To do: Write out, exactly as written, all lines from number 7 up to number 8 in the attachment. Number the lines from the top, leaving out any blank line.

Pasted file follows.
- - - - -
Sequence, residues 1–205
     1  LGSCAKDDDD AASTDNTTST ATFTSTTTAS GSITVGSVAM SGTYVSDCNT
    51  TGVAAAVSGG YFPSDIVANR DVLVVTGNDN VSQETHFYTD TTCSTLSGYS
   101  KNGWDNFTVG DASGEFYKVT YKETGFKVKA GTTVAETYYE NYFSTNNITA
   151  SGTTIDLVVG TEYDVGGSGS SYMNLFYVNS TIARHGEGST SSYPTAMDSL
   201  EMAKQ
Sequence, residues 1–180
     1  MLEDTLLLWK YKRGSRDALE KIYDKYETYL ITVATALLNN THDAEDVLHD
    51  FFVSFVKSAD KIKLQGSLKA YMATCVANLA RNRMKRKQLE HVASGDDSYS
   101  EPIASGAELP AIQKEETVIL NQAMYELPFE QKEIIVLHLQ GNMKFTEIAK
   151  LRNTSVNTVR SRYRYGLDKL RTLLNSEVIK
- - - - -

Sequence, residues 1–180
     1  MLEDTLLLWK YKRGSRDALE KIYDKYETYL ITVATALLNN THDAEDVLHD